It takes a competent and skilled team of nurses, aides, therapists, doctors, and nutritionists to treat bariatric patients. Asking about the team and how many staff members will be available to help your loved one is reasonable.

If staffing is tight or not adequate to care for bariatric needs, you may want to move on to some other nursing home options.

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Patient activities and physical therapy

Modified activities may be necessary for a bariatric patient, and you will want to know what accommodations are made for someone who might be bedridden most of the day.

Ask about the availability of physical therapy for your loved one and whether they have expertise in working with bariatric patients.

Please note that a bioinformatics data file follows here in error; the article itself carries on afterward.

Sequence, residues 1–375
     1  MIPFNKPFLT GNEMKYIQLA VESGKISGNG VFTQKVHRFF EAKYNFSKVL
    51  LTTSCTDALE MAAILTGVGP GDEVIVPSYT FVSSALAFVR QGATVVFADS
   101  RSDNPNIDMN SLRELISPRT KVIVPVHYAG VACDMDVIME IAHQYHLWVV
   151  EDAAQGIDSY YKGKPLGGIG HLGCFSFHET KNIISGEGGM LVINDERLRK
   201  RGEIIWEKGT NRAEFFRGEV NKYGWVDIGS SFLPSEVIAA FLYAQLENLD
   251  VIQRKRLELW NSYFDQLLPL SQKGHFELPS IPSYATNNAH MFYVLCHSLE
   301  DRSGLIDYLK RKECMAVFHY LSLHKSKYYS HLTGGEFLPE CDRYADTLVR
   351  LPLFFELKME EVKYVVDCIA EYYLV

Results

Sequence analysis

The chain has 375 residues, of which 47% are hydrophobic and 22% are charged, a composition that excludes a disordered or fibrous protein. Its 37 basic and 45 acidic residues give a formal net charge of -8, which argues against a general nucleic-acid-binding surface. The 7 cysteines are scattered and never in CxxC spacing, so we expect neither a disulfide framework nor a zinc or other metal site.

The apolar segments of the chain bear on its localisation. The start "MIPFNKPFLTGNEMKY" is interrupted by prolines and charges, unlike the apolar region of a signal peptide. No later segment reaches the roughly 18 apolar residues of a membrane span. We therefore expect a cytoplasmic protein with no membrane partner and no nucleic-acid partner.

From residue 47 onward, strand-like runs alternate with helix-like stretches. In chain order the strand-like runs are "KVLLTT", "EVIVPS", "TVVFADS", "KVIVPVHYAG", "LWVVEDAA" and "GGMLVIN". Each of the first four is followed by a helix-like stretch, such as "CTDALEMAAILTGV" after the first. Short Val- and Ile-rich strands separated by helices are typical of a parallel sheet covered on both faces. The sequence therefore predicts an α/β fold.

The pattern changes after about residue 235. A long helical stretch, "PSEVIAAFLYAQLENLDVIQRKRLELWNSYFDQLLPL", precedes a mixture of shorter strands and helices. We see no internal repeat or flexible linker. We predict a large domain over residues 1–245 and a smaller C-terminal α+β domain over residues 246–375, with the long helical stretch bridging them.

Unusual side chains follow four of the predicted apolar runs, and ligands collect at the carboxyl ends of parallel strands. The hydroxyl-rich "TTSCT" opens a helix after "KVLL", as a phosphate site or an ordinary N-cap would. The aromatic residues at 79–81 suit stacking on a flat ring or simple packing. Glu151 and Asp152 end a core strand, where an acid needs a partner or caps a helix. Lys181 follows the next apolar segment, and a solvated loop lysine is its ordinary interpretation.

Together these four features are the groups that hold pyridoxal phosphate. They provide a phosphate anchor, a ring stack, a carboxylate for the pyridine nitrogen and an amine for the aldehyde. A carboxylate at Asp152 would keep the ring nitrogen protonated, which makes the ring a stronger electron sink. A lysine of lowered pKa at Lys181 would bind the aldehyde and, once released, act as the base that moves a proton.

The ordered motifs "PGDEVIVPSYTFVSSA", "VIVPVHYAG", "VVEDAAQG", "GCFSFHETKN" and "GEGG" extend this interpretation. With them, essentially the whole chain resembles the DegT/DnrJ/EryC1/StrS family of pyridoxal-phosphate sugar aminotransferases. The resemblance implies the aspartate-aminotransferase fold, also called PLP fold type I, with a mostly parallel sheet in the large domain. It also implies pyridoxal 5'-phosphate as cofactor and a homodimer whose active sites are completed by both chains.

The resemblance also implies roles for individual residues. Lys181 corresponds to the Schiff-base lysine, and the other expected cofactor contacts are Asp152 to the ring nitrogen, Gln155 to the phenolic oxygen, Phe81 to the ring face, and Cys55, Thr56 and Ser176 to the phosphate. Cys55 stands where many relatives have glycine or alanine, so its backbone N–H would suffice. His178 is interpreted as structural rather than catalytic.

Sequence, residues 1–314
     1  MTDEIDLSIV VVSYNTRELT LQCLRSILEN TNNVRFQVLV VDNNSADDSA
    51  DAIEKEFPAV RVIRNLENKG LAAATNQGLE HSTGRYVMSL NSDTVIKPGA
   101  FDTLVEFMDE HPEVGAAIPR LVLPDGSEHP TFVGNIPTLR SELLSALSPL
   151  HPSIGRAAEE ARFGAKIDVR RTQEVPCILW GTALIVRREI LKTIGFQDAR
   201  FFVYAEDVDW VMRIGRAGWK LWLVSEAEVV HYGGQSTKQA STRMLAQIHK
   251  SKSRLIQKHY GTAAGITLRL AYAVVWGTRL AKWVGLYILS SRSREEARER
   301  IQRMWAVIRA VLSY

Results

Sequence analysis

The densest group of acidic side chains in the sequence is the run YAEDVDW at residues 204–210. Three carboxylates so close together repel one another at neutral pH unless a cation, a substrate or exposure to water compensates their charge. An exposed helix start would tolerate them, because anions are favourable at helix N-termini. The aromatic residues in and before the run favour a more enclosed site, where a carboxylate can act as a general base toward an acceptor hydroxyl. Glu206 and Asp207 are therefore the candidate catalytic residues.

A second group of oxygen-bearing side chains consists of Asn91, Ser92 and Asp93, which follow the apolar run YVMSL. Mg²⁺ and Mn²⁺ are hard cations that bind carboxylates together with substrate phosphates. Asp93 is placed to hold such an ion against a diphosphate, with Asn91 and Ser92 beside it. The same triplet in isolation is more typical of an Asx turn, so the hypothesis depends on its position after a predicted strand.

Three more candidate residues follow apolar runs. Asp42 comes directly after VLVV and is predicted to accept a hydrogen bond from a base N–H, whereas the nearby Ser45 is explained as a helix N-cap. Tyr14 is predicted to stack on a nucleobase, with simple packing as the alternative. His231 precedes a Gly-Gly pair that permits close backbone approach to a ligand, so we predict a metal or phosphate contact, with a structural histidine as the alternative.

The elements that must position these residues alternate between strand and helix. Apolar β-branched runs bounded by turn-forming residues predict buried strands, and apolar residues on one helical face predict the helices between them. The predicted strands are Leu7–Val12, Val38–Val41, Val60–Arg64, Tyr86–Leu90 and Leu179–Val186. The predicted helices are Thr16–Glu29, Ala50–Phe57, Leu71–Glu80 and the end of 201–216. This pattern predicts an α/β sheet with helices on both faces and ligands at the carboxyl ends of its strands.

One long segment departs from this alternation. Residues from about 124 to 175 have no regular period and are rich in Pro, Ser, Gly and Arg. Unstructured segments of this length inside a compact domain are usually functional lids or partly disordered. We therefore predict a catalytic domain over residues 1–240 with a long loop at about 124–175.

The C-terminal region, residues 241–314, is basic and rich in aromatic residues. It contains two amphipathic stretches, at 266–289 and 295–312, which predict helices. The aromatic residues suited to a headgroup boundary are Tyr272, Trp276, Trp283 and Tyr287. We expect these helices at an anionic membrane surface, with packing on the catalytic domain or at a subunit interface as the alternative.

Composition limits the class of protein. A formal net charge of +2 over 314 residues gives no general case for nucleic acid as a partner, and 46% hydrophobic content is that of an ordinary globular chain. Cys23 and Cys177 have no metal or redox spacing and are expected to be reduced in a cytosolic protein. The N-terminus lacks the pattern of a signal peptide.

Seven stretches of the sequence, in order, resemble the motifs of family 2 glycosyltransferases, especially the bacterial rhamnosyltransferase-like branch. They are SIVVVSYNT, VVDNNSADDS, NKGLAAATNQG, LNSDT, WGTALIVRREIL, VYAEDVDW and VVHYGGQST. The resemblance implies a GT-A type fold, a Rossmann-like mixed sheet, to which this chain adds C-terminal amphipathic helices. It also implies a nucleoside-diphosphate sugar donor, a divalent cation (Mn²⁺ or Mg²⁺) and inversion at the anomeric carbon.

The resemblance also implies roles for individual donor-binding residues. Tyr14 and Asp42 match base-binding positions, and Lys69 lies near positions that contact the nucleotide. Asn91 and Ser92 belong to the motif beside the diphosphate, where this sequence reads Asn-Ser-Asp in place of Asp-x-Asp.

Are There Any Alternatives to Nursing Homes for Bariatric Patients?

There may be alternatives to nursing home care for bariatric patients, but it will take some planning and work. And it will probably take some financial resources as well. 


Depending on your loved one’s weight and other medical issues, they may be able to remain at home. A home health agency with a good physical and occupational therapist can help you determine what equipment you need to provide safe care.

One person cannot securely move or support a bariatric patient safely. Using mobility devices like Hoyer lifts will keep you both safe. 

You might have to consider a hospital bed and a ceiling track system to move a loved one. You will need to call the insurance company to see which of these devices insurance covers.

If there are ongoing nursing needs, they might have to arrange those privately if home health care has expired or your loved one doesn’t qualify. You also can hire private caregivers from an agency to assist with day-to-day care needs.